THE INDONESIAN WRITERS ARE WHERE THEY’VE ALWAYS BEEN AND STOP MAKING THEM INVISIBLE


note: I originally published this essay as a Twitter thread. I retain the block-formatting and capital letters for readability. This version also makes a correction: Pam Allen’s essay actually appeared in late 2017, not early 2018.

I repeat here what I say in the essay: Pam Allen has been a tireless friend and advocate of Indonesian literature and I respect her efforts and dedication immensely. In my opinion, any shortcomings of her essay simply expose the shortcomings of the western Anglosphere as a whole (and of which I too am part, lest we/I feel too smug about ourselves/myself.

I apologize in advance for any deficiencies in my own westernized perspective via this essay. As Norman Erikson Pasaribu has also said via Twitter, Indonesian writers need to be handed the microphone.


Also, I know I said I was going to discontinue this blog, but then I wrote this
and wanted to post it in its entirety for ease of public access. Apologies.

*ESSAY BEGINS*

Some context: this thread is prompted by an essay that was circulated by the National Centre for Writing as part of the preparatory buzz for this year’s 2019 London Book Fair (March 12-14). The essay, by Pamela Allen, originally appeared in late 2017 in the translation journal IN OTHER WORDS.

This thread is secondarily a response to the 2 essays on Indonesian literature by Harry Aveling and John McGlynn respectively that were also published by In Other Words in subsequent issues.


Allen’s essay was undoubtedly penned with the intent of championing Indonesian literature – she has long been a tireless translator, scholar, and advocate of Indonesian writing. BUT…


despite the author’s best intentions, I believe the essay does more harm than good, especially by being circulated on the eve of the London Book Fair when its remarks will be taken as accurate insight about modern and contemporary Indonesian lit.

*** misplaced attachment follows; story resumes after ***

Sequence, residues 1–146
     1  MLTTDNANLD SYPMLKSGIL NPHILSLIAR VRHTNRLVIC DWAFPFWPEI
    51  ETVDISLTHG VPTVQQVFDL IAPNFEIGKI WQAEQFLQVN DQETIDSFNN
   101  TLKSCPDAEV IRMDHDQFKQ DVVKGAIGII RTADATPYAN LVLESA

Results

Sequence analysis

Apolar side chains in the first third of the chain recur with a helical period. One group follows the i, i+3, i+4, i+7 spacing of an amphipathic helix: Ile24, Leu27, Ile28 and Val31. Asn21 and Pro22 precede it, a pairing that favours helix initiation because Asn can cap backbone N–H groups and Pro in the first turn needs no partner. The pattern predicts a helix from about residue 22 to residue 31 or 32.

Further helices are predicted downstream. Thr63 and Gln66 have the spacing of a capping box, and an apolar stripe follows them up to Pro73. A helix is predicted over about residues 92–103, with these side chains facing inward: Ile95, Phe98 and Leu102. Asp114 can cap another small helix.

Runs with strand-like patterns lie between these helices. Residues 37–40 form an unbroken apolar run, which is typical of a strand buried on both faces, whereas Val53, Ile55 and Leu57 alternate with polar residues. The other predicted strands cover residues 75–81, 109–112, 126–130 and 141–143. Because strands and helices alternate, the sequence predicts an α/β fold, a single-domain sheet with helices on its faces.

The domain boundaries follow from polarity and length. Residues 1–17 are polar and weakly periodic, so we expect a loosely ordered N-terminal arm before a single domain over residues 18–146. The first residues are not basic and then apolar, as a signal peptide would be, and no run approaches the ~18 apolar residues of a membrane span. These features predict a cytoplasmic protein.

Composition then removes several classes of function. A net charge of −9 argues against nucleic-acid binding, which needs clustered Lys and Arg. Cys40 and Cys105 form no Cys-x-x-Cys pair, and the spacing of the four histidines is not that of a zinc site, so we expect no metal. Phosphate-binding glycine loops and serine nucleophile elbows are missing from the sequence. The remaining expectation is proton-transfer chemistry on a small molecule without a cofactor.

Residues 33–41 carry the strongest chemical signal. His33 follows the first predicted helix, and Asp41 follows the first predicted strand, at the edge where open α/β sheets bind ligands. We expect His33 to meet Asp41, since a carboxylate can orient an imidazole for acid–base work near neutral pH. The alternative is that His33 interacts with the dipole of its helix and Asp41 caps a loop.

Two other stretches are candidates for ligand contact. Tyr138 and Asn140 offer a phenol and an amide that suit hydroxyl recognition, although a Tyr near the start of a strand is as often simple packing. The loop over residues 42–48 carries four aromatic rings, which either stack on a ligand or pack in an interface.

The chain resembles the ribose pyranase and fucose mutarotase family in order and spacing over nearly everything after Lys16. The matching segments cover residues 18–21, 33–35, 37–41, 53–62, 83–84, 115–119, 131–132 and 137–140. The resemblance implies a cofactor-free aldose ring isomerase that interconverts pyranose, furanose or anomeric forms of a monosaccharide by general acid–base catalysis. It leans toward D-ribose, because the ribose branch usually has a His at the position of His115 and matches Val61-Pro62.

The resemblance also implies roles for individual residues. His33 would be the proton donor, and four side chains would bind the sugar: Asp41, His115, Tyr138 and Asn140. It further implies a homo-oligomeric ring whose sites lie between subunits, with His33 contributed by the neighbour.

Whether intentionally or unintentionally, the essay gives the impression that the only Indonesian literature available in English translation are Lontar’s Modern Library and Annie Tucker’s translations of Eka Kurniawan and Ratih Kumala . This is patently untrue.


In writing exclusively about the above works while lamenting the immense global unpopularity of Indonesian literature, the essay sends the false message that there are no other works of Indonesian lit to be found in English.


And thus ignores and erases the accomplishments of so many Indonesian writers, their translators and publishers. I include herewith some examples of books, not in order, with no assessment of their ‘quality’. It’s not comprehensive, but I admit my partial knowledge.


Take the poetry of Khairani Barokka – INDIGENOUS SPECIES from Tilted Axis Press and ROPE from Nine Arches Press , or Eliza Vitri Handayani’s novel FROM NOW ON EVERYTHING WILL BE DIFFERENT, which came out with Vagabond Press in 2015…


Take Amazon Crossing’s pub. of Nukila Amal’s THE ORIGINAL DREAM; Abidah El Khalieqy’s NIRZONA; Laksmi Pamuntjak’s THE QUESTION OF RED and THE BIRDWOMAN’S PALATE, the latter of which I translated…


…as well as Dee Lestari’s PAPER BOATS, also for AmazonCrossing (but you wouldn’t know about the latter from Allen’s essay which implies that no other translation of Dee Lestari’s work apart from Aveling’s trans. of SUPERNOVA published by Lontar exists…


How about the translations by Dalang Publishing? (writers inc. Hanna Rambe, Erni Aladjai, Lan Fang) – some of which are highlighted here by Indonesian academic Manneke Budiman (like mine, not a comprehensive list by any means).